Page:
- The Washington Times - Friday, July 13, 2001

United Airlines' parent company said yesterday it still wants to purchase US Airways Group Inc. despite statements earlier this month signaling an end to its planned $4.3 billion buyout of the Arlington-based carrier.

UAL Corp., the parent company of United Airlines, said it would await a decision by the Justice Department on its application for a merger before calling off the deal.

"In keeping with its obligations under the merger agreement, UAL Corporation will continue to pursue the transaction during this period and stands ready to address additional questions DOJ [Department of Justice] and the state attorneys general might have," the airline said in a statement yesterday.

United's announcement that it would continue to pursue a US Airways deal also revived hopes for DC Air, a regional carrier the airlines would create to satisfy the antitrust concerns of federal regulators. The Washington-based airline would serve 45 cities in the East and be owned by Black Entertainment Television Chairman Robert Johnson.

"I believe the merger as presented is in the best interests of the flying public and I urge the Justice Department to approve it," Mr. Johnson said in a statement yesterday. "Equally as important, I urge the Bush administration to recognize this unique opportunity to bring about minority ownership in the nation's airline industry in the form of DC Air."

The airline would have about 1,200 employees based in Washington, Mr. Johnson said.

The companies proposed a merger 14 months ago. UAL Corp. announced July 2 that it was discussing with US Airways officials a "possible early termination of its merger agreement."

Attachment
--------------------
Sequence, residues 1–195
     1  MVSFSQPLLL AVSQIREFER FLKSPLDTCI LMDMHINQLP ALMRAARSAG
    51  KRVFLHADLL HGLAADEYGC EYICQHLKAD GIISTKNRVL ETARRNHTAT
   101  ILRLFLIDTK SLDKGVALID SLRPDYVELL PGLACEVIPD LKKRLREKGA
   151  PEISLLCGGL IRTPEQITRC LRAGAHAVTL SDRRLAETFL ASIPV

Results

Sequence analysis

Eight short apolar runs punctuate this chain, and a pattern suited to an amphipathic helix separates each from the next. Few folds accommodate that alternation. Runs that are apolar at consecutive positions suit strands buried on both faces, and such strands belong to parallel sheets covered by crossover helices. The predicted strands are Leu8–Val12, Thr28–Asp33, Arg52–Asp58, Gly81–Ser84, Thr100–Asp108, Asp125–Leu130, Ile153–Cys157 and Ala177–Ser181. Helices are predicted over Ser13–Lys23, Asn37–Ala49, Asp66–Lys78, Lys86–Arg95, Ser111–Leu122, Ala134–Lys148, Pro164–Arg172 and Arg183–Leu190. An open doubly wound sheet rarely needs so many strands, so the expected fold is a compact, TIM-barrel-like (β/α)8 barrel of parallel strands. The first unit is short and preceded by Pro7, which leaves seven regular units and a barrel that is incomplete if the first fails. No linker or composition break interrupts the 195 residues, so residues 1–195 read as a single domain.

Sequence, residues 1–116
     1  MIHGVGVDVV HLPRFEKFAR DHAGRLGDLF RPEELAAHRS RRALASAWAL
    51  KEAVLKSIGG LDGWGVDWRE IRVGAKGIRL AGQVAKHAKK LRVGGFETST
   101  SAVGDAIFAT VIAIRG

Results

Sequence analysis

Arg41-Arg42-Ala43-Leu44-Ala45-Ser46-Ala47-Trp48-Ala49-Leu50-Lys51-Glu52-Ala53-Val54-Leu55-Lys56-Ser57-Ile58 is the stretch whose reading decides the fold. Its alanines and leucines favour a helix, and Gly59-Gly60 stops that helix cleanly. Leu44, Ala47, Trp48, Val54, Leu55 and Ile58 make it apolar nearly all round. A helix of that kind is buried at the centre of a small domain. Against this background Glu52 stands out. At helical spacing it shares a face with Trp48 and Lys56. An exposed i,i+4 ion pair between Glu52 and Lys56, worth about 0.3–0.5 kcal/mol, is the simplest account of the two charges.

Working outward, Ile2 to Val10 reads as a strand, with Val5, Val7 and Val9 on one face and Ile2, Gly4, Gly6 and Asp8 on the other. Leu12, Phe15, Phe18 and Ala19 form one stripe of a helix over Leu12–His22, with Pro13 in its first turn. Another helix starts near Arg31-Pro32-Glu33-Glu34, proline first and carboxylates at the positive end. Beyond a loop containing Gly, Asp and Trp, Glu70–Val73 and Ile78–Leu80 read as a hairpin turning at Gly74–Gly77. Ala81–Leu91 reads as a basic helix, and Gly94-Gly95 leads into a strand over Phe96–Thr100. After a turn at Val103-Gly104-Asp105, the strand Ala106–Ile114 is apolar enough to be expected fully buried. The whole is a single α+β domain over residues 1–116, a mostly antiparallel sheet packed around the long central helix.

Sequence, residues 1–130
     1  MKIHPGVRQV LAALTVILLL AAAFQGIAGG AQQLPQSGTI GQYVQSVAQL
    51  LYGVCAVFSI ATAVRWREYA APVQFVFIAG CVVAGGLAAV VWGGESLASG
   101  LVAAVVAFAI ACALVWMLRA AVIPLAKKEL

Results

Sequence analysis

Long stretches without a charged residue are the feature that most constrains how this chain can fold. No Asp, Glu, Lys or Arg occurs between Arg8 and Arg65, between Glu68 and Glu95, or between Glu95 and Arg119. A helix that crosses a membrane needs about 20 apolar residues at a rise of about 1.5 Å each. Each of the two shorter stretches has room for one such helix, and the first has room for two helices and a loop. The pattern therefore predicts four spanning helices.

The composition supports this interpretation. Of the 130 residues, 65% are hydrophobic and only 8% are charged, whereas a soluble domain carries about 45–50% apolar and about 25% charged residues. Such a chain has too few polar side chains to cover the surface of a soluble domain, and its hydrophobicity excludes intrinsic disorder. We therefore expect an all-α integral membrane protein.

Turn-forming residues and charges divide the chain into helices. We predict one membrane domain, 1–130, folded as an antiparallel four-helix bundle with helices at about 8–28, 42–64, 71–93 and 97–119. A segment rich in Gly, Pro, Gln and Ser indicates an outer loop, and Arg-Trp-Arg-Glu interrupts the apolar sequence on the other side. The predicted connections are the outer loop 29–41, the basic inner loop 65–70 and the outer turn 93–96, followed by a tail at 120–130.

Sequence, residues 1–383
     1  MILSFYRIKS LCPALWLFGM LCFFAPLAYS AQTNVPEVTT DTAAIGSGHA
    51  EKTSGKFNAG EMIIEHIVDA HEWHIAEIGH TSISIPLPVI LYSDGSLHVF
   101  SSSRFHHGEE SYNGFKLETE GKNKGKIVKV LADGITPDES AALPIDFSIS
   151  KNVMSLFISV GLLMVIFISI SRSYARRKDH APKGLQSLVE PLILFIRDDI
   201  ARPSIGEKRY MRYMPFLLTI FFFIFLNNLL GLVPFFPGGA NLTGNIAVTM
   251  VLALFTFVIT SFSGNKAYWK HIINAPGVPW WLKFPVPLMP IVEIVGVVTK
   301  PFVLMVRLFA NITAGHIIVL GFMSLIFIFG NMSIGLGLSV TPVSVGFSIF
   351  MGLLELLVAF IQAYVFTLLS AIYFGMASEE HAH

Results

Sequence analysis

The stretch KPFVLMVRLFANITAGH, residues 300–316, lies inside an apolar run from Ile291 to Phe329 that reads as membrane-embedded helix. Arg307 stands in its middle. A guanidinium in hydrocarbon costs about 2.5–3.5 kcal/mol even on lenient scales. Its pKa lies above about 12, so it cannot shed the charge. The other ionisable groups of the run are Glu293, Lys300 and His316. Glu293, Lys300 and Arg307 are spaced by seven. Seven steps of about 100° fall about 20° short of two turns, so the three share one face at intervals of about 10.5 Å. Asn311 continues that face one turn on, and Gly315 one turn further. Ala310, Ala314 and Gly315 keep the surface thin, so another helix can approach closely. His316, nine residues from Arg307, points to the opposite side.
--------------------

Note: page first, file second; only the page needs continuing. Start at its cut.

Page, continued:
Transportation Department officials blamed economic and regulatory obstacles for United's plans to end the deal.

US Airways responded by saying it planned to keep the airline intact rather than break it up. The airline also said it still wanted to merge with United.

In separate announcements yesterday, the airlines said the Justice Department decision would determine whether they proceed with a deal. They gave the Justice Department the 21-day advance notice required for a request for a final determination from the agency.

Justice Department approval is required because of antitrust issues involved in large corporate mergers and acquisitions.

US Airways acknowledged the possibility of failure.

"There is no assurance, however, that the transaction can be consummated," the US Airways statement said.

Sen. Arlen Specter, a Pennsylvania Republican, said he believed the Justice Department's earlier concerns about antitrust issues could be overcome.

"It is a fair statement to say that the whole transaction is very much alive," Mr. Specter said.

Mr. Specter's home state also is home to a US Airways hub in Pittsburgh.

"Now, with this change of heart by United, who knows, the whole deal may go through," he said.

Even if the Justice Department approves the deal, the airlines still face internal dissent from their own unions.

The Association of Flight Attendants, the union representing 26,000 United flight attendants and 10,000 from US Airways, said it would strike if a US Airways acquisition threatens their members' job security. They are concerned United would spin off the US Airways airplanes and other assets into regional carriers, thereby bypassing the labor contract requirement to use only union flight attendants.

"This would be a major dispute under the contract, said Dawn Deeks, spokeswoman for the Association of Flight Attendants. "This deal has been flawed from the beginning."

Frank Larkin, International Association of Machinists spokesman, said he was concerned United would cut costs by laying off workers after consolidating assets of the two airlines. The union represents 45,000 United employees and 15,000 for US Airways, most of them mechanics, customer service employees and ramp workers.

"We're going to hold the position that if it isn't good for the members, it isn't a good deal," Mr. Larkin said.

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